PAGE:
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Coverage for Workplace Violence Expands

Friday, March 2, 2001 | 1468 | 0 | min read

Not too many days go by without a news story about violence in the workplace. A new phrase has been coined to describe this disturbing trend: desk rage, acts such as screaming at coworkers, throwing paper, pens and other objects, and other acts of violence, unfortunately.

Recently there was a fatal outburst by an employee of Edgewater Technology, an Internet company near Boston. 42-year-old Michael McDermott vented his frustration there by killing seven co-workers to protest his company's approach to his tax problems. In Camarillo, California, a displaced worker with a history of mental problems returned to his former place of employment and gunned down the CEO of the software company in front of stunned co-workers. The list of tragic examples is long.

Insurance coverage for workplace violence has become more common place, outside of workers' compensation. At least three insurance industry participants have responded with workplace violence coverage.

Experts blame a heightened level of stress in the workplace with increased pressures for production in the Internet Age and almost daily scrutiny of stock prices.

'The last cycle of workplace violence in the mid-'80s pales [in comparison] to today's [office] environment for one big reason-never has the stress been so high,' said Peter R. Taffae, president of e-perils.com, a division of Worldwide Facilities and an Internet-based wholesale brokerage firm in Los Angeles, to National Underwriter Company reporter Caroline McDonald.

'This dot-com thing is actually playing a big role in workplace violence in general,' he said. 'A year ago, if we got one inquiry a quarter, we would have been excited. Now we're getting three or five a week. It's a big deal'

Internet and software companies are especially vulnerable because of the expectations and stressful work environment they sometimes create, Mr. Taffae says.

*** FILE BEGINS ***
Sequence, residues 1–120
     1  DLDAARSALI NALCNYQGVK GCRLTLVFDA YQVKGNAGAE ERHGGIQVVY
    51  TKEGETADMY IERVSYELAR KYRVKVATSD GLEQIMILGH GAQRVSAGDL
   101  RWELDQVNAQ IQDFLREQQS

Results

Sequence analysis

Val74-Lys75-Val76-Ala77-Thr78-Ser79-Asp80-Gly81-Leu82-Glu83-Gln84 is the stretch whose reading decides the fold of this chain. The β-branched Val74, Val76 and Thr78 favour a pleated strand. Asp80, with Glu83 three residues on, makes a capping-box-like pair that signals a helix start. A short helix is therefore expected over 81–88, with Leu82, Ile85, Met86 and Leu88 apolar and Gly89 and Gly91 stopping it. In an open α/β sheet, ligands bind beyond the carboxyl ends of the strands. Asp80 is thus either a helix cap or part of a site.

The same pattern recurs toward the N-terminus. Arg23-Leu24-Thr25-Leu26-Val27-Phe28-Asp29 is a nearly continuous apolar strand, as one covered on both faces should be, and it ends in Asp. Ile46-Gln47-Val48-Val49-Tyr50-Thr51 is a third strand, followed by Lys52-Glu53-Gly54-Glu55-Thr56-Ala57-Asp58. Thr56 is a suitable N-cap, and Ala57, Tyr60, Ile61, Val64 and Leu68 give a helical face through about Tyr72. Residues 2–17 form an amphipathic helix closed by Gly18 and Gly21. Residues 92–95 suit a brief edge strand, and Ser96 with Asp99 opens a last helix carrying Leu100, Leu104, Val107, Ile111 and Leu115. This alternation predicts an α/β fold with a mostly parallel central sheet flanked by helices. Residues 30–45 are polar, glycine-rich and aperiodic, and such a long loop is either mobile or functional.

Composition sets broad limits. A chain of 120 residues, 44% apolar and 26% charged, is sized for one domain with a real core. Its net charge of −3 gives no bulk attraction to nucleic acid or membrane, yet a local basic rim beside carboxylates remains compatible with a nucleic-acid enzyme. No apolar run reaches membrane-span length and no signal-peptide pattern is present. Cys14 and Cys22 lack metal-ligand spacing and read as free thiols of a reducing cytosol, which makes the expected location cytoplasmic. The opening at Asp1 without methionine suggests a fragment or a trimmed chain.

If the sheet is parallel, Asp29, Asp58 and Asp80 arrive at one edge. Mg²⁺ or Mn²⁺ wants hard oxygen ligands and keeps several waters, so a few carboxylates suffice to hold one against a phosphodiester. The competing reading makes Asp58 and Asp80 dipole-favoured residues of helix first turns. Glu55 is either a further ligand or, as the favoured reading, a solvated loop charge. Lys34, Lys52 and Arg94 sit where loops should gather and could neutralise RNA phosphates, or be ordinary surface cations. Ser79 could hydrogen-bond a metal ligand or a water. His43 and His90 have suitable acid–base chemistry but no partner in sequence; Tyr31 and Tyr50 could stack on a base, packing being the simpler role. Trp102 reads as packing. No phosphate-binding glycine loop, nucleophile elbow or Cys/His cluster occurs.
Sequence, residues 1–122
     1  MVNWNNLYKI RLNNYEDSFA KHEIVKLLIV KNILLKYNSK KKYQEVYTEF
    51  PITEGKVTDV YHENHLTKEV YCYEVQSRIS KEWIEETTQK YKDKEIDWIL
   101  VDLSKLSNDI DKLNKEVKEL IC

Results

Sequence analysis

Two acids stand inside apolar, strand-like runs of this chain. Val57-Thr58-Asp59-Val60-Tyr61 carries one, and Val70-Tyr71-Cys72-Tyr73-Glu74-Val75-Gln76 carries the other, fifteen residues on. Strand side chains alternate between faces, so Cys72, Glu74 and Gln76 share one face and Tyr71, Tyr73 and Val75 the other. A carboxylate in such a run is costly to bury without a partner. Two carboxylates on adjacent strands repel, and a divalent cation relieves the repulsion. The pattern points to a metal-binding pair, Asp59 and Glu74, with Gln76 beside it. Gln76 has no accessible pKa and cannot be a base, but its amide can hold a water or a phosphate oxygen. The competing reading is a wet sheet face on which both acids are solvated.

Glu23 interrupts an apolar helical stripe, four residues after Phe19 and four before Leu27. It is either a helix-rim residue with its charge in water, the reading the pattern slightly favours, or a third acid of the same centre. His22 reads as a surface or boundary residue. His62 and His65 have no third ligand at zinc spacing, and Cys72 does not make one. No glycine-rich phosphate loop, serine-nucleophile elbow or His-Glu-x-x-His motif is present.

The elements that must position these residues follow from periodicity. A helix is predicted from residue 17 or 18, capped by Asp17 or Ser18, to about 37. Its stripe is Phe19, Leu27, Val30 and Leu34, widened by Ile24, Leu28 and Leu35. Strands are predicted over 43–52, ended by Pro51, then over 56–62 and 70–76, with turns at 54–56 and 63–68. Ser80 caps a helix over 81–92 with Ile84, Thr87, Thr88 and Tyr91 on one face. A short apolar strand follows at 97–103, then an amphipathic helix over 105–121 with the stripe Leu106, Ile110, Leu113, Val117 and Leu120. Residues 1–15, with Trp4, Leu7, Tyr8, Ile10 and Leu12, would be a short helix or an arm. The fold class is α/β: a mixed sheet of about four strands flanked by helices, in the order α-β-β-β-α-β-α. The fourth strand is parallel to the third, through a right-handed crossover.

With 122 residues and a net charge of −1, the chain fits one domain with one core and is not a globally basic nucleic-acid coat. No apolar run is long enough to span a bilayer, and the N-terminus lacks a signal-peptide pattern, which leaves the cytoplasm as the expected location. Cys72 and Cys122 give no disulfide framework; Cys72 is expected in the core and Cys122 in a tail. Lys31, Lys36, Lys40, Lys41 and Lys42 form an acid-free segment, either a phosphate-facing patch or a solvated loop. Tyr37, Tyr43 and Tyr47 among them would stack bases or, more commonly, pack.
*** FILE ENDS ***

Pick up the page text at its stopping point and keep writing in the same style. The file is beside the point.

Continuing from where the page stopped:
The Department of Justice publishes statistics, and they reflect that approximately two million people each year are victimized by violent crime in the workplace. Insurers are responding to market needs with new policies to assist companies with such tragedies. Some of these policies overlap with workers' compensation benefits, and should be chosen carefully according to your state's work comp jurisdiction.

For example, coverage offered by e-perils.com is a stand-alone policy with limits ranging from $1 million to $25 million. Covered individuals can include employees (which would overlap with workers' compensation), former employees and non-employees (whom would not be covered by work comp).

In addition to $50,000 death benefits for families, medical rehabilitation costs for injured workers, and the costs of psychiatric counseling (from a professional chosen by the individual), the policy covers company expenses that may be incurred before or after and incident which would include costs for public relations activities (generally provided by a recommended public relations firm) and crisis management that might be needed after an incident, as well as the costs of threat assessment prior to any incident. Defense and indemnity payments for third-party claims arising out of violent acts by non-employees and business interruption expenses are covered. Coverage for punitive damages also is apparently available (though it might be noted that punitive damages cannot be covered under California law).

Lexington Insurance Company, out of Boston, Mass., and Chubb Insurance Group from Warren, N.J., also offer workplace violence coverage.


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